Water companies and broadband providers will be slapped with hundreds of thousands of pounds in penalties for botched works that leave potholes or poor quality roads under a crackdown by Grant Shapps.
The Transport Secretary is targeting utility companies with the rollout of a new inspections unit to address “the plague of potholes” on the country’s roads.
Experts warned that potholes left behind can also be “killers” for cyclists.
Firms that dig up the road to fix broken drains or install fibre broadband fail to return it to a minimum standard on nearly one in 10 occasions, the Department for Transport said.
Officials refused to disclose the worst offenders claiming it was “commercially sensitive information”. Neither has the Government plans to name and shame those companies that are fined.
But the Government did say that one company had failed inspections after the roadworks were completed 63pc of the time.
Currently highways authorities check less than a third of roads after they have been dug up. New rules will mean up to 100pc of works will need to be inspected. This means a national operator with 20,000 could be forced to pay up to £1m in penalties.
Nicholas Lyes head of roads policy at the RAC welcomed Mr Shapps’ plans “to force utilities companies to raise their game”.
He said: “While roadworks are frustrating at the best of times, it’s even worse when utility companies leave roads in a sub-standard state when the temporary traffic lights are finally removed.
“Poorly carried out reinstatement work very often leads to road surfaces breaking down, unnecessarily causing potholes much to the annoyance of drivers.”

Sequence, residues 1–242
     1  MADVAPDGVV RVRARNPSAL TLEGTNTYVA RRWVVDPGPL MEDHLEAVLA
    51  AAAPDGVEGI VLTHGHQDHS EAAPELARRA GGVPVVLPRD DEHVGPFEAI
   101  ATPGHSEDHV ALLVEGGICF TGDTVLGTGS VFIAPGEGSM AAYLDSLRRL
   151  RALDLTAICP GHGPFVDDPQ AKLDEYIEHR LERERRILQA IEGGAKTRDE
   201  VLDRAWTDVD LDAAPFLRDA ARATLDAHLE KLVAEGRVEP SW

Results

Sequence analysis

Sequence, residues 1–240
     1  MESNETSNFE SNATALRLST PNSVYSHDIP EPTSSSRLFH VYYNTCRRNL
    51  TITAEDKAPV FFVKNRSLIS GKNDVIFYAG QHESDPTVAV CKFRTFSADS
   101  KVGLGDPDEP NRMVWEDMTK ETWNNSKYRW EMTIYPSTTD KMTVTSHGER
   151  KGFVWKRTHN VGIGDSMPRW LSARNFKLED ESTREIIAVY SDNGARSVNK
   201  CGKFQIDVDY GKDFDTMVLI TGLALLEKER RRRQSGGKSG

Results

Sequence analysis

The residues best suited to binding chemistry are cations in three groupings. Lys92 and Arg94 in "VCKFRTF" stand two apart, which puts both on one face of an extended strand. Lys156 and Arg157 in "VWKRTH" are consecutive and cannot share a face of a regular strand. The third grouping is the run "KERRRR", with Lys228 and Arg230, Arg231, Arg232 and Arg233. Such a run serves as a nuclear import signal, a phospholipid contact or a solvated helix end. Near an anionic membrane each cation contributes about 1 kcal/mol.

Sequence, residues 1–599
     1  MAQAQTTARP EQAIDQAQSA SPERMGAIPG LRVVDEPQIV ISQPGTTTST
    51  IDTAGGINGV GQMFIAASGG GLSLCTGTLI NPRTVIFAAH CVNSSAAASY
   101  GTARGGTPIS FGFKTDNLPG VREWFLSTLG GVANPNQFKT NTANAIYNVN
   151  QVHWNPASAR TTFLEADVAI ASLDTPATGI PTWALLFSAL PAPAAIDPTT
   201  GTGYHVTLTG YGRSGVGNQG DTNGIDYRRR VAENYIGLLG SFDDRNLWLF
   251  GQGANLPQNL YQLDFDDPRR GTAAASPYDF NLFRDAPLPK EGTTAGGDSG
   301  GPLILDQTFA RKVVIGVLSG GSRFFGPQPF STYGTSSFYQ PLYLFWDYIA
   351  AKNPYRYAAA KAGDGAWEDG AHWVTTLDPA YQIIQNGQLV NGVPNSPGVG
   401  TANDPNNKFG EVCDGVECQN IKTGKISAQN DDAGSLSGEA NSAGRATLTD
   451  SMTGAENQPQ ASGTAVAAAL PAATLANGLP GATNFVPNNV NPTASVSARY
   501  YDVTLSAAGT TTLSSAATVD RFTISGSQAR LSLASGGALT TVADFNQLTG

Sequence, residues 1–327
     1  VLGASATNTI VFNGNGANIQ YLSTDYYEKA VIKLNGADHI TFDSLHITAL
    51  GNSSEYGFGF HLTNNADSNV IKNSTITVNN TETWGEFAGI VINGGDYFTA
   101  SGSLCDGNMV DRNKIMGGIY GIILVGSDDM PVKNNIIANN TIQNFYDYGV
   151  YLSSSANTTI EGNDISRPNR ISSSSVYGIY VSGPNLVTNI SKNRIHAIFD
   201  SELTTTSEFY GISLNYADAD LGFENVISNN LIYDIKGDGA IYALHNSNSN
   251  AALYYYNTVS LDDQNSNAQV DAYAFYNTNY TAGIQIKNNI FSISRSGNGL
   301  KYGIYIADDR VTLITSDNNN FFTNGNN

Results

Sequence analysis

Edmund King, AA president, said: "The state of the roads is drivers and riders biggest concern. The perilous potholes cause expensive damage to tyres, wheels and suspension of vehicles, but can be killers for those on two wheels.”
Mr Shapps said: “The plague of potholes is the menace of our roads. That’s why I’m ensuring companies who create them and leave roads in a poor state can be held to account more easily – protecting drivers from unfair repair costs.”
Ministers say that the change in laws could prevent thousands of potholes being left behind by utility companies nationwide, and will ensure more roads are resurfaced to a high standard.
Most drivers do not realise that they are often entitled to reclaim the cost of damage tyres and suspension are damaged by poor quality road surfaces. And those that do have reported large amounts of red tape and long waits to receive compensation from local councils or Highways England.
Utility companies will also be required to provide local authorities and the Department for Transport with more accurate information - such as times when work starts and finishes - on live road works that will be shared with sat navs, allowing drivers to plan their journeys accordingly.